To study the association between thrombocytopenia and retinopathy of prematurity (ROP).
The case-control study was conducted on preterm newborns with ROP between January 2011 and January 2014, retrospectively. The patients were assigned into two groups: Cases required intervention and controls developed no or Stage I ROP.
Eighty-one premature infants with Type I ROP were enrolled to the study with a mean gestational age of 27.6 ± 2.1 (range: 24–32) weeks and birth weight of 993 ± 292 (range: 560–1,930) g. Mean follow-up time was 38.3 ± 2.7 weeks (min: 32 and max: 46 weeks). Cases were individually matched to a set of controls (1:1 ratio). Thrombocytopenia (<150.000/mm3) was seen in 58 (71.6%) of the cases with Type I ROP, whereas only 17 (21%) of the controls had thrombocytopenia (P < 0.001). Logistic regression analysis showed that bronchopulmonary dysplasia and thrombocytopenia were significantly associated with Type I ROP (relative risk [95% confidence interval]: 4.19 [1.47–12] and 6.69 [2.83–15.9], respectively). The thrombocytopenia ratio (P = 0.073), thrombocytopenia 1 week before intervention (P = 0.076) and platelet transfusion ratio (P = 0.062) tended to be higher in Zone I ROP compared with Zone II ROP.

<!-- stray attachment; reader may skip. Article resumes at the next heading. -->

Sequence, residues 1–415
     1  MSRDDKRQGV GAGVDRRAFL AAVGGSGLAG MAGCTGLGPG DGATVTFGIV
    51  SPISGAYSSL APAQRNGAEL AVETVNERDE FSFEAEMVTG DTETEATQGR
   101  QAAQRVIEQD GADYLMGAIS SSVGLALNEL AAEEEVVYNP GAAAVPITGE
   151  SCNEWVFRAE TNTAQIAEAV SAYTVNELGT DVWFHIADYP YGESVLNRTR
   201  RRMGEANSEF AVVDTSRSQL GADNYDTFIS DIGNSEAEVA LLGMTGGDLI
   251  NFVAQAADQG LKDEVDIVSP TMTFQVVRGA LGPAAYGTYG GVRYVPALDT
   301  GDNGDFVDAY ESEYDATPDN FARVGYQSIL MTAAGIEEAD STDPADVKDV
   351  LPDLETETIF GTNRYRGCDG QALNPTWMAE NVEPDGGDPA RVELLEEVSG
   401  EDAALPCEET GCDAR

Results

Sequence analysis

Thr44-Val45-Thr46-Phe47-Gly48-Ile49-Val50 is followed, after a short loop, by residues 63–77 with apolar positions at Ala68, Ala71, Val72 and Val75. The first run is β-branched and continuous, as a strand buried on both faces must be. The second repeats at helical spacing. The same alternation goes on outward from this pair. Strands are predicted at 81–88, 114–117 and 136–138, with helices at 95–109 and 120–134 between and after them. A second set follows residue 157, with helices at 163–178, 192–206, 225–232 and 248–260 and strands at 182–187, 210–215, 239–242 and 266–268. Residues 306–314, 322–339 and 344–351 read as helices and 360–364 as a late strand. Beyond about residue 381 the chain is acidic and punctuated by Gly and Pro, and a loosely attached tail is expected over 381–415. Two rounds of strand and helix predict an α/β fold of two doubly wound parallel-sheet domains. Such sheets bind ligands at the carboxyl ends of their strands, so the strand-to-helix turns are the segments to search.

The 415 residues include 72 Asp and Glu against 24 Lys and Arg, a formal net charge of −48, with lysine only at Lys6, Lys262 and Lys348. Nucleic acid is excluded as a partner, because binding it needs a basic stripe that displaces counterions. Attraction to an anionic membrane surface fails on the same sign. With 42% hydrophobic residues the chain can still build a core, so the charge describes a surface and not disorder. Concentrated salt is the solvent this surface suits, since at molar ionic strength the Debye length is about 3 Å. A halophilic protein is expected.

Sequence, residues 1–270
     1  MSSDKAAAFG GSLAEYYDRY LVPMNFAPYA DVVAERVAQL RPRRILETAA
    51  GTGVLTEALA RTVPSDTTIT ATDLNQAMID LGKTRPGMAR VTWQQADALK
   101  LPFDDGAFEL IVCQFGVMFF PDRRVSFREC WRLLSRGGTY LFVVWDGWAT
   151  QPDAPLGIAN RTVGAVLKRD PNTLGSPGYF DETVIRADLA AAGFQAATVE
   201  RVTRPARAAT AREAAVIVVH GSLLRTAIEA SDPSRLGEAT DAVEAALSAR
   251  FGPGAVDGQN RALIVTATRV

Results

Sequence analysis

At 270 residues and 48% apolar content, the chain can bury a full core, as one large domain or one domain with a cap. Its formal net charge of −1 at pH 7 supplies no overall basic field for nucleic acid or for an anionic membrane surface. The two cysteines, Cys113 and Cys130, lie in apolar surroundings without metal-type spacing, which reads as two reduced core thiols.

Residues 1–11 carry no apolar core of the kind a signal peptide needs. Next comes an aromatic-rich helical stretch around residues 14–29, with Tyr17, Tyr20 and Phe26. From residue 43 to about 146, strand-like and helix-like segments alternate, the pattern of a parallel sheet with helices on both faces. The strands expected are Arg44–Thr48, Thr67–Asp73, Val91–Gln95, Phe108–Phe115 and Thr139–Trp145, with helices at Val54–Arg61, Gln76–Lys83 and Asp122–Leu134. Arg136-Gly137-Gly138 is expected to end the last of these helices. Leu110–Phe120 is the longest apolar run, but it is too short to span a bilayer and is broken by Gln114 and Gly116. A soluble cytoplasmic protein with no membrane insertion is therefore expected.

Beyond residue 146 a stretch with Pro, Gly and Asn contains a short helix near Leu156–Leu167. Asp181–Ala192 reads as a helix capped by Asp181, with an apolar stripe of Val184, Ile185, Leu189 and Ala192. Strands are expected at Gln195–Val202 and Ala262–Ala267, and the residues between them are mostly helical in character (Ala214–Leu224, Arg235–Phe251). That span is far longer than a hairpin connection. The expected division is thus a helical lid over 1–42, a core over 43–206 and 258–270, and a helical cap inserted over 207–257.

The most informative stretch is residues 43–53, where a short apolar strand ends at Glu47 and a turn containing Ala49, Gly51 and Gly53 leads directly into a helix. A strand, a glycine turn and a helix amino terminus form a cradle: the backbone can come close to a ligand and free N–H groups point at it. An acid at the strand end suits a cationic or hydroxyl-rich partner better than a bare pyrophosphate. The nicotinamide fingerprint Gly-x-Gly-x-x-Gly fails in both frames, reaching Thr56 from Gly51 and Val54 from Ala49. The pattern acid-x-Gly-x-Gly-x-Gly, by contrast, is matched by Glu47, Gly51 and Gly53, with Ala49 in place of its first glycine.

In our study, there was a significant association between thrombocytopenia and Type I ROP.
Thrombocytopenia is frequently seen in very low birth weight infants and is an important morbidity factor. Thrombocytopenia is a significant risk factor in the preterm neonates for retinopathy of prematurity.
*Neonatal Intensive Care Unit, Zeynep Kamil Maternity and Children's Training and Research Hospital, Istanbul, TR; and
†Neonatal Intensive Care Unit, Medeniyet University, Istanbul, TR.
Reprint requests: Selim Sancak, MD, Izzet Baysal Government Hospital, Sağlık mahallesi, Şehitler caddesi, 14300 Merkez/Bolu, Türkiye, Bolu, Turkey; e-mail: email@example.com
None of the authors has any financial/conflicting interests to disclose.
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